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29.03.2019

Weetabix and the Glory of God | Connecting with Culture

I’m looking forward to Mother’s Day morning already this year.

It means having my annual breakfast in bed, two still-sticky cards from my 5-year-old and 3-year-old, and (hurrah!) it’ll be daddy’s turn to play dodge-the-weetabix with my 7-month-old son.

Yet Mothering Sunday has become a slightly awkward moment for many of our churches. Of course we want to celebrate mothers, but what about those women who have lost or never been able to conceive a child? Or those who have chosen not to have children? How can we both celebrate the mothers among us and include the rest of us in the process?

Perhaps we can allow Mothering Sunday to have a more profound purpose, going further than the celebration of a few. It can become an opportunity to grow together as disciples, whether we are parents or not. What could God teach the whole body of Christ through the daily experience of mothers?

In Long Days of Small Things: Motherhood as a Spiritual Discipline, Catherine McNiel reminds us that the miracle of the incarnation was not that Jesus was a man or that he was God – but that he was God and man. He, the Holy One, had his nappy changed and nose wiped. Perhaps Mary also regularly played dodge-the-first-century-weetabix with him.

It is because of this miraculous incarnation that we can see the fingerprints of God in the very physical, bodily activities of a mother’s life. The daily round of humdrum activities echoes Christ’s service to us. Their ever-wakeful vigilance through the dark of the night reminds us of the Father’s constant loving gaze. The love that carries them through the pain of labour shows something of the enduring love of our Saviour. And the creative miracle that happens within their bodies is unmistakably the gift of a Creator God.

A mother’s discipleship journey uniquely reveals something of who God is. But we need stories of each disciple’s journey – male or female, single or married, childfree or a parent – to create a deeper, fuller understanding of the wonderful God we serve.

We can choose to walk that collective journey of discovery by shifting our focus this Sunday. As well as saying ‘thank you’, try asking ‘how have you grown as a disciple through being a mother?’

We may all discover more of the glory of God through her answer.

 

Gemma Curran
CEO, Curran Household

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Comments

  1. ‘Of course we want to celebrate mothers, but what about those women who have lost or never been able to conceive a child? Or those who have chosen not to have children? How can we both celebrate the mothers among us and include the rest of us in the process?’
    Wellll, one of the great things I remember from a book by Eric Metaxas is that fatherhood is essential to masculinity, no matter whether you’ve got children of your own or not. You can always be a father-figure to younger people. The same, I believe, holds true of women who haven’t got children – be a mother-figure to those around you.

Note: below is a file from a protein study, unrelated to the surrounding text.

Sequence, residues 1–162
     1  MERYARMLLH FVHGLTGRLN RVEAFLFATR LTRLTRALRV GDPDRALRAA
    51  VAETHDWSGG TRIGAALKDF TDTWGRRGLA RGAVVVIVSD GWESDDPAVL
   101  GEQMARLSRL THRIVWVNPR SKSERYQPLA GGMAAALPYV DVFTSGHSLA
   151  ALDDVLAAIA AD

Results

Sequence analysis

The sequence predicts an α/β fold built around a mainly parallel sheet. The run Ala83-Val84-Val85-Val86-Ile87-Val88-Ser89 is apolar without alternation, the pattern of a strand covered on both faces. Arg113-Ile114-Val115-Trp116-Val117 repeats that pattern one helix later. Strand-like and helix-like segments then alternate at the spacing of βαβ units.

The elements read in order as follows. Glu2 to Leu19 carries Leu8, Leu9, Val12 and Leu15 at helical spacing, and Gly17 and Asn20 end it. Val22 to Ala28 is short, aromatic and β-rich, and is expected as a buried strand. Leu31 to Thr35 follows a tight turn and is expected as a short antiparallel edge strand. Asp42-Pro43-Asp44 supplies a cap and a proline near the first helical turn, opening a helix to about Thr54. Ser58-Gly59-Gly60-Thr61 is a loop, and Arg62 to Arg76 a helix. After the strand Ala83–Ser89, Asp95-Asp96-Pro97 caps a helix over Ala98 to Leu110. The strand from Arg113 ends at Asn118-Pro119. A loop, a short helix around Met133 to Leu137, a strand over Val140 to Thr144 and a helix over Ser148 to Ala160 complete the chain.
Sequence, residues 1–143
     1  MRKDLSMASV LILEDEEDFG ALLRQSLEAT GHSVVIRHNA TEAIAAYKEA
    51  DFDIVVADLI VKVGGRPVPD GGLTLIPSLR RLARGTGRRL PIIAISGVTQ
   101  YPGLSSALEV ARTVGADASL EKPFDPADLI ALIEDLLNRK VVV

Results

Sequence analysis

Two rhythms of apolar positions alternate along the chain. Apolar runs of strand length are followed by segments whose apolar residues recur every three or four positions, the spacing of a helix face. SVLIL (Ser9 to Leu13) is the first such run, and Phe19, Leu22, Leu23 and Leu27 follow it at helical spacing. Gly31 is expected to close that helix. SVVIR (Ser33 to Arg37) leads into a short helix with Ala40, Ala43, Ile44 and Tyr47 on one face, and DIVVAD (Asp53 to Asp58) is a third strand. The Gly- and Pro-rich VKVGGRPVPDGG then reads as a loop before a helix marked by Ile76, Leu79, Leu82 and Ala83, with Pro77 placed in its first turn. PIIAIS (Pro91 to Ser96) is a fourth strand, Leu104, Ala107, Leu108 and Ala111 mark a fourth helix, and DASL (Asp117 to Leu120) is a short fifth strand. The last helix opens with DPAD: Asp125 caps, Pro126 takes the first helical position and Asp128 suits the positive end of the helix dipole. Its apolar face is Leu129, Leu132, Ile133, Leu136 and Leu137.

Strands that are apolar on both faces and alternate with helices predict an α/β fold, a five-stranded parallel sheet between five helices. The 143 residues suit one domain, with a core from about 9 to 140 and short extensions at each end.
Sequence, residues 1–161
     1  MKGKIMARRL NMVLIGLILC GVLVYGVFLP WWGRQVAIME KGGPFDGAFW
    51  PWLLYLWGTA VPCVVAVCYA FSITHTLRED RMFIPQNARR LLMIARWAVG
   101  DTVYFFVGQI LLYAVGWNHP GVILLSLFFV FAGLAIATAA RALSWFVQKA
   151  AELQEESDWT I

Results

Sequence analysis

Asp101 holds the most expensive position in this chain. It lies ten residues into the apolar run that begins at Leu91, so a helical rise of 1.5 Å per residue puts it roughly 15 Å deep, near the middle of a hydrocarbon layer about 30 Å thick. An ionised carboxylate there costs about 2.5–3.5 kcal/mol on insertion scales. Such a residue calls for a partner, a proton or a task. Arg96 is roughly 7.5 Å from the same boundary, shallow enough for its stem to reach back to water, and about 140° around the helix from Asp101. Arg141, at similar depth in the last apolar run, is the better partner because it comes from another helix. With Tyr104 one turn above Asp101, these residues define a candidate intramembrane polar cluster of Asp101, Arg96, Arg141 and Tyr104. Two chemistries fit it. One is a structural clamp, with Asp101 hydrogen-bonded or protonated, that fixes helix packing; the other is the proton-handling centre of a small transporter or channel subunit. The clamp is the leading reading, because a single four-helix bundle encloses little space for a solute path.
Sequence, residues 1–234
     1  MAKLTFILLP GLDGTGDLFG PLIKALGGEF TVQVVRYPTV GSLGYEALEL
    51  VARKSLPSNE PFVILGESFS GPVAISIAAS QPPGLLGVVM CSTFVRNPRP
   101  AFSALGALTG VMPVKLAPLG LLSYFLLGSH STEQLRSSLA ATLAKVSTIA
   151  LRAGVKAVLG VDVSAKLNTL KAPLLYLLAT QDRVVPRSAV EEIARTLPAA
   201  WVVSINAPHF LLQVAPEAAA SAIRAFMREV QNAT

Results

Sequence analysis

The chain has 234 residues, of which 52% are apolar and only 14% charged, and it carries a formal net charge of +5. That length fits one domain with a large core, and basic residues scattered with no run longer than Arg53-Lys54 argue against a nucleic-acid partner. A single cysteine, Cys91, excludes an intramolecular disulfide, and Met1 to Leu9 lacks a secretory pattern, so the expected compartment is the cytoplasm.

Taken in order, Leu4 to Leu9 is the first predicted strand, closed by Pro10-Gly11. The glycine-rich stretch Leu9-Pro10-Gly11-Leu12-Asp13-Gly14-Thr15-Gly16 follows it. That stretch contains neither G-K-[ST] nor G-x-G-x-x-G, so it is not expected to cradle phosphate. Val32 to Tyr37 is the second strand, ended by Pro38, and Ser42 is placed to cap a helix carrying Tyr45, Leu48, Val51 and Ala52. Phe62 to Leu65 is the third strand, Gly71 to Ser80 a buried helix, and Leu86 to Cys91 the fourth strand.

By Alfred - 29th March 2019
  2. A thought that helps me ( a mother) to be more sensitive and inclusive on Mothering Sunday.
    Many people ‘ mother’ our children. Fathers, older siblings, grandparents, aunts and uncles, teachers and nursery workers.

    I came across this prayer that says it very well
    For the mothering of mothers,
    And the mothering of fathers,
    And the mothering of others,
    We give You thanks

    By Helen Taylor - 29th March 2019
  3. I am calling my wife the CEO of the Rouse House from now on! Thanks Gemma for helping us connect with Mother’s Day in this way – I was planning to speak this Sunday about Mary, the mother of Jesus and how, despite the way she’s depicted in art, she stood under the cross. Her discipleship had shaped her and she stands with dignity as she demonstrates something other than the chaos and violence that is happening around her. I am grateful this mother’s day for all those who have stood like a mother alongside me through my life – and to those who have skilfully avoided the flying weetabix!

    By Steve ROUSE - 29th March 2019
  4. Really helpful blog and comments.
    Thankyou, all.

    By Reg - 29th March 2019
  5. I like the CEO-bit 🙂 !

    By Martin Slabbekoorn - 29th March 2019
  6. great inclusive reflection, thanks

    By Bruce Gulland - 29th March 2019
  7. Thanks for your post!

    Another way we can all celebrate mothering is to recognize the mothering aspects of God, particularly through the scriptures where God describes himself in a mothering role (Mathew 23, Luke 13, Hosea 11, Deuteronomy 32, Isaiah 42, 49, 66, Psalm 91). Mothering is a reflection of God’s image, not the other way around. Any mothering (birthing, nurturing, tending) we do on an earthly level is but an imitation of God’s heavenly attributes. Focusing on these attributes of God helps us understand the tenderness of his heart toward us, and the ongoing investment he makes in growing and sustaining us.

    By Cynthia Tews - 30th March 2019
  8. I purposefully chose not to go to church on Mother’s Day.
    My due date would have been the same week however, no baby, due to a miscarriage.
    I couldn’t bear to sit in church for the third year in a row, empty handed, longing that next year the situation would be different.
    Hope has faded.
    Church was just not the place for me that day.

    By Anonymous - 5th April 2019

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